The first case of measles in Santa Barbara County since 2016 has been confirmed by health officials.
The infected man is a resident of Santa Barbara in his 20s, Jackie Ruiz, spokeswoman for the Public Health Department, said in a news release.
The man, who is considered infectious through today, has been in isolation since Wednesday and officials are confident that the exposure was “limited” because he spent much of his infectious period outside the county, Ms. Ruiz said.
The Public Health Department is contacting and interviewing those who may have been exposed to confirm immunization and immunity status. Officials are also working closely with Riverside, Los Angeles and Ventura counties, as well as San Francisco, as the man traveled to these areas during his infectious period, Ms. Ruiz said.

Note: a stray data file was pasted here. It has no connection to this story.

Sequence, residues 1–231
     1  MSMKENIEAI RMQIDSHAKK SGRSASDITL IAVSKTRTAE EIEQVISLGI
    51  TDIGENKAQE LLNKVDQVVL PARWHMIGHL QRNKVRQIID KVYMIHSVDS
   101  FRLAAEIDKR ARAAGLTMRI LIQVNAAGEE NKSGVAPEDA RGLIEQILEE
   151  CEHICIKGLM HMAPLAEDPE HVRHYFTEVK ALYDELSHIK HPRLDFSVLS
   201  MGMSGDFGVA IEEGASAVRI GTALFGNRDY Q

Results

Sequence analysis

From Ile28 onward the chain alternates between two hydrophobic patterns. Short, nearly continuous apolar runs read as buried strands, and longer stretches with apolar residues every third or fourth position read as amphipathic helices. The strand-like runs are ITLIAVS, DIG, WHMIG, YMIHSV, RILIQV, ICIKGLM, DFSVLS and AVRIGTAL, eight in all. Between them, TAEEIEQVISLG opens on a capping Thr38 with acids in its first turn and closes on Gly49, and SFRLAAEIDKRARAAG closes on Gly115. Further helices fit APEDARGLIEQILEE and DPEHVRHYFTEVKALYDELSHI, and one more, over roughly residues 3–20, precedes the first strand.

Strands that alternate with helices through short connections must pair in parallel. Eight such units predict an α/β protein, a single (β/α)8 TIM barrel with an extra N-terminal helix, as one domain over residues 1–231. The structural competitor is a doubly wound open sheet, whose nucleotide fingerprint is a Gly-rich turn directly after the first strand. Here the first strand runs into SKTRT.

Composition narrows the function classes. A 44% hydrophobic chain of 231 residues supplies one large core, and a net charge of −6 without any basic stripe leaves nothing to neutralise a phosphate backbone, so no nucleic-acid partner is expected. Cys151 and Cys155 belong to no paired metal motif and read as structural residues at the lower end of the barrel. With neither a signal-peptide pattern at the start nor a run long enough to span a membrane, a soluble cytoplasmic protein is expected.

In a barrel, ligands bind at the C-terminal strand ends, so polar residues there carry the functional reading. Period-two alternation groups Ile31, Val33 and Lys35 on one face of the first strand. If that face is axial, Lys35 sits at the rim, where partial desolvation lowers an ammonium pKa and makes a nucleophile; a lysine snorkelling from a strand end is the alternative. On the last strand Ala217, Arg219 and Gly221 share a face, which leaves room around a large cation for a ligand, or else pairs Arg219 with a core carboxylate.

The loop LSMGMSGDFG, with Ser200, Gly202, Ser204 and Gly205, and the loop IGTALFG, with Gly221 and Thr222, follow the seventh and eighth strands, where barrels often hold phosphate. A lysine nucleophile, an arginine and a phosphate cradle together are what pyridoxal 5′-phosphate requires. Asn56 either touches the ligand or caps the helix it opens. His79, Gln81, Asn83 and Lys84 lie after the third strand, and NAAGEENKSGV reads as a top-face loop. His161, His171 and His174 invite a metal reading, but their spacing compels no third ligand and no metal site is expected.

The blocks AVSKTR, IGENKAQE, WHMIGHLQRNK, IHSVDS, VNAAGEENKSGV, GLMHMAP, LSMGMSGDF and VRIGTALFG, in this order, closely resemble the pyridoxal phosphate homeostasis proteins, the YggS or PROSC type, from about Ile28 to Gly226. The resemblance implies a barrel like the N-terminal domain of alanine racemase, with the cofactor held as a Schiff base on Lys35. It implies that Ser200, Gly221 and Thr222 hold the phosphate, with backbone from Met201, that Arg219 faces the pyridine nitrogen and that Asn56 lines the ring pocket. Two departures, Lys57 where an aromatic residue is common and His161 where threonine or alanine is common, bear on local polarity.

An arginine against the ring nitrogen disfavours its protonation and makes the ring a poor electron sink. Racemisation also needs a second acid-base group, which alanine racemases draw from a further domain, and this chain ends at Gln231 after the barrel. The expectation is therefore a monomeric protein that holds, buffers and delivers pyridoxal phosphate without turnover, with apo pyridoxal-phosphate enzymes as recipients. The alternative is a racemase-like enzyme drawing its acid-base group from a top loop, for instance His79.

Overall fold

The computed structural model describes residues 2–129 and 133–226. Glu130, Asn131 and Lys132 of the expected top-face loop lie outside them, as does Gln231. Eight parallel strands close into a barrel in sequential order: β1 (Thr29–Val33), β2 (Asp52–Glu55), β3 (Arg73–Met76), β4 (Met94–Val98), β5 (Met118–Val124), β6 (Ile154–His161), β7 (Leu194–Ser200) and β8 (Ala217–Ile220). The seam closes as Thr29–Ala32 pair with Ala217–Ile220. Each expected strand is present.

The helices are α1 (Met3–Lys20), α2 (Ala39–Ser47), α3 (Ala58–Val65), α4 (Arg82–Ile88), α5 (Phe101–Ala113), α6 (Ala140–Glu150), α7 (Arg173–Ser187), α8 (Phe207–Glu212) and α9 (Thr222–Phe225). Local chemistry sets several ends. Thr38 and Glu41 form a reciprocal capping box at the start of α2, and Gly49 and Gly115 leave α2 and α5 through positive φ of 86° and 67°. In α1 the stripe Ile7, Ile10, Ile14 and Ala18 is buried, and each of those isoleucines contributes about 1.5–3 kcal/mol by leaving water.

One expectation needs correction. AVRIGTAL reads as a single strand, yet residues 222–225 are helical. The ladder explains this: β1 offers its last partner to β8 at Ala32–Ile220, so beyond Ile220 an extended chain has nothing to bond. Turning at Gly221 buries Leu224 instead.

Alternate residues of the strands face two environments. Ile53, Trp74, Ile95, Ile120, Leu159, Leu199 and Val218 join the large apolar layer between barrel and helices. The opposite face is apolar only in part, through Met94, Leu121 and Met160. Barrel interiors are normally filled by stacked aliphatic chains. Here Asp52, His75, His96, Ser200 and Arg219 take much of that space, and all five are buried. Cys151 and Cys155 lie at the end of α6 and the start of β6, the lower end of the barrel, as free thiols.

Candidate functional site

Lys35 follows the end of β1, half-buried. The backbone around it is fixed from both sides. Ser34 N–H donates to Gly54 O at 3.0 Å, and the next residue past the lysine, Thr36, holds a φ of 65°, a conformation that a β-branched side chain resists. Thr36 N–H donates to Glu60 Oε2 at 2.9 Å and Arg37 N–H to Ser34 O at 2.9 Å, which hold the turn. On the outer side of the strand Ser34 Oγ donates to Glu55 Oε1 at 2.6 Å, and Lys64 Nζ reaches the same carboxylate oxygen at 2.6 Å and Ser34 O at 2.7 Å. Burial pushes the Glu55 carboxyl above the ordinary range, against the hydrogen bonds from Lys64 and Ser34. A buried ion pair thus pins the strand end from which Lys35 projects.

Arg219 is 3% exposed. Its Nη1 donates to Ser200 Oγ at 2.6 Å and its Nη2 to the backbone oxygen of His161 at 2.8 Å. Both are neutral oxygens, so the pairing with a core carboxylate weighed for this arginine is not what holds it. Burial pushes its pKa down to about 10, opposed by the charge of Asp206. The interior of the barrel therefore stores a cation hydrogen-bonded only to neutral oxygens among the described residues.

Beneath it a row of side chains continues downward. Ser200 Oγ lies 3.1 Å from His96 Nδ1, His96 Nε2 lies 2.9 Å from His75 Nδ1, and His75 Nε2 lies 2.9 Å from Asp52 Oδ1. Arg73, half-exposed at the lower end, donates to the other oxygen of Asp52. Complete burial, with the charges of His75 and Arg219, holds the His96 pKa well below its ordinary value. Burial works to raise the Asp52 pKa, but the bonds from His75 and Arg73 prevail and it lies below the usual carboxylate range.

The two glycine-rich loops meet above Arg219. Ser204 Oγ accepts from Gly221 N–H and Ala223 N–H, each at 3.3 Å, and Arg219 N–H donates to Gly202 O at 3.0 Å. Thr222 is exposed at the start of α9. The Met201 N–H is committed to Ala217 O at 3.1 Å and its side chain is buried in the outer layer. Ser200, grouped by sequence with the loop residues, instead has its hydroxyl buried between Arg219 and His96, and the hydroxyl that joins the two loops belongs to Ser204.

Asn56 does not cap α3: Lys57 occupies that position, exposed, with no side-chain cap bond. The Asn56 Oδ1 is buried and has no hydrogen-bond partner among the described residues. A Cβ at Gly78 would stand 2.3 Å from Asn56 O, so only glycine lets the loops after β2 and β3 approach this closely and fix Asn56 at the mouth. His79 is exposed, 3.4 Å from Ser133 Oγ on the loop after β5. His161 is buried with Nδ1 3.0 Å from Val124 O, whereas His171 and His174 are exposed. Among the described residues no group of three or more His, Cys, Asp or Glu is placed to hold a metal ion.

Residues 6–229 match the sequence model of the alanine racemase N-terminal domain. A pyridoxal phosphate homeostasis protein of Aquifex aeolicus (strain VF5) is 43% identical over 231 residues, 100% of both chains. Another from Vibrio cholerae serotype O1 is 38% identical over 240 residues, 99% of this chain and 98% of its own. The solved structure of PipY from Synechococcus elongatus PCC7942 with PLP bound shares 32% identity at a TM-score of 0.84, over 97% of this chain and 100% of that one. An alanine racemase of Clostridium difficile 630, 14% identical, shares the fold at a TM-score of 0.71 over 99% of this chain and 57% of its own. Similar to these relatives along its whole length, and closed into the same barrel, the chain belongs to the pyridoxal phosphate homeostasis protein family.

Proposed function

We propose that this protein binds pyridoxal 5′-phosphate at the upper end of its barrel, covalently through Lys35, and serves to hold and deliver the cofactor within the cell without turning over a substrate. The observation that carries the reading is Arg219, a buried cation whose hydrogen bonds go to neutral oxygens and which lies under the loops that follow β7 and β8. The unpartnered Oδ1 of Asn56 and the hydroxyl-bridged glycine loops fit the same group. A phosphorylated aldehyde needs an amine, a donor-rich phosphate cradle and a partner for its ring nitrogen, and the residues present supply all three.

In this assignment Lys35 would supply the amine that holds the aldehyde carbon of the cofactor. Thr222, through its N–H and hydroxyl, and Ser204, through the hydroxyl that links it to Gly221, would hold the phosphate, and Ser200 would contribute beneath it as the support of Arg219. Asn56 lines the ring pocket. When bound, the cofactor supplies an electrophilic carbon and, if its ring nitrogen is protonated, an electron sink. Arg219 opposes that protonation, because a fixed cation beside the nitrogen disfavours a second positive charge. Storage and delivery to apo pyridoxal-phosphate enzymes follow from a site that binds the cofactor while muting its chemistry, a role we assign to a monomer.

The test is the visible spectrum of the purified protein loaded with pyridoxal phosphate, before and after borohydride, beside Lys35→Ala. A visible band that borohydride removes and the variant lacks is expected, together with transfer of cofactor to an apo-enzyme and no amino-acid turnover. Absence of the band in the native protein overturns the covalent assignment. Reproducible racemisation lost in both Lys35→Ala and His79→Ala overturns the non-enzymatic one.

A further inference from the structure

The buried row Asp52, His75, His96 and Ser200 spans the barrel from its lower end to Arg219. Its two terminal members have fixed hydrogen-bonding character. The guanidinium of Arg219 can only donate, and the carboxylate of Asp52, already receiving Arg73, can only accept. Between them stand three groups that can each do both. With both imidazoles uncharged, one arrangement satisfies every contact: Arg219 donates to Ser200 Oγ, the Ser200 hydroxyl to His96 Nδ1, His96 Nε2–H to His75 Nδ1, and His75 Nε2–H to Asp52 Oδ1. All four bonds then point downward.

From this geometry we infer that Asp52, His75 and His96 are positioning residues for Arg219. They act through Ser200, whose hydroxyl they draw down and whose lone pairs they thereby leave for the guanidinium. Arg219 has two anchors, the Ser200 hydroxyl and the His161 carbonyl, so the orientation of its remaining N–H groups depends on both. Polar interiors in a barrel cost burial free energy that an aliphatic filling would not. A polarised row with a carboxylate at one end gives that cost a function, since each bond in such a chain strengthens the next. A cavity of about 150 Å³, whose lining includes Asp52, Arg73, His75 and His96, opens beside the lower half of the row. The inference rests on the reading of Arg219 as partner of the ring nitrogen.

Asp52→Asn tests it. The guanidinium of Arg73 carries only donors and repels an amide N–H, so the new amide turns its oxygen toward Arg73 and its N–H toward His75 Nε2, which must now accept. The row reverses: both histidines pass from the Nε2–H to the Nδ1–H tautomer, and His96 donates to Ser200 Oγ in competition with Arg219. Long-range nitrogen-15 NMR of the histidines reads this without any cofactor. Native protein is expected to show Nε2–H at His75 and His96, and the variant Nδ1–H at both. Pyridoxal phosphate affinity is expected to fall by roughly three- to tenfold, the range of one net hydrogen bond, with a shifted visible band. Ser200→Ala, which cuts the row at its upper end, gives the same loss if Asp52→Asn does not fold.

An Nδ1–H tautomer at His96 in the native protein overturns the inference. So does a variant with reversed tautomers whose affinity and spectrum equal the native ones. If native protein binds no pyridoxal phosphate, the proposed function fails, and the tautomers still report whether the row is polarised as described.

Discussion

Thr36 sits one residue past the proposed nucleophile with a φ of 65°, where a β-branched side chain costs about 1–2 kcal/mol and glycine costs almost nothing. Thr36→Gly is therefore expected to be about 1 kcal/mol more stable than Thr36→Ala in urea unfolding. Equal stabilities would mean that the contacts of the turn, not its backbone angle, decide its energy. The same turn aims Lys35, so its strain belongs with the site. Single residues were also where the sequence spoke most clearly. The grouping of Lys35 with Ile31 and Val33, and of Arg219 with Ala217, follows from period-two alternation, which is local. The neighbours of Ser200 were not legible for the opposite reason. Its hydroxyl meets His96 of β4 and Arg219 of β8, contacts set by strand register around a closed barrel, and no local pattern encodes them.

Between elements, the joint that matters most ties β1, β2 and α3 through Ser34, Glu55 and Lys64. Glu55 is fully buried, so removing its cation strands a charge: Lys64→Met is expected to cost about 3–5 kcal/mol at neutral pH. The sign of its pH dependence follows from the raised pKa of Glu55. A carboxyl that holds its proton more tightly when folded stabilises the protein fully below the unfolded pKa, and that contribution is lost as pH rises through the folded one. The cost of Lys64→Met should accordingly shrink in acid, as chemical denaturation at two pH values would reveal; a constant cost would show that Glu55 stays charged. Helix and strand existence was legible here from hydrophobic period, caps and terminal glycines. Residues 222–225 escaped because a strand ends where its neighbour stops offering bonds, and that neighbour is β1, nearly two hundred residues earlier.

“We highly encourage every person to know their measles vaccination status by checking in with their health care providers. Measles is a highly contagious virus that spreads easily by air and through direct contact with someone who is affected. The MMR (measles, mumps, rubella) vaccine is safe and highly effective in protecting individuals from contracting measles,” Dr. Henning Ansorg, county health officer, said in a statement.
The total number of measles cases in state is now at 49, as two additional measles cases were confirmed in Northern California on Friday, according to The Sacramento Bee.
The two cases confirmed Friday were in Butte and Glenn counties. Butte County Public Health Department spokeswoman Lisa Almaguer said both counties’ patients were linked back to a measles outbreak that occurred in Butte County on March 24.
Friday’s announcement was the 13th reported case of measles in Butte County since the outbreak was reported in late March.
For more information on measles, checking immunization status or other information, visit countyofsb.org/phd/measles2019.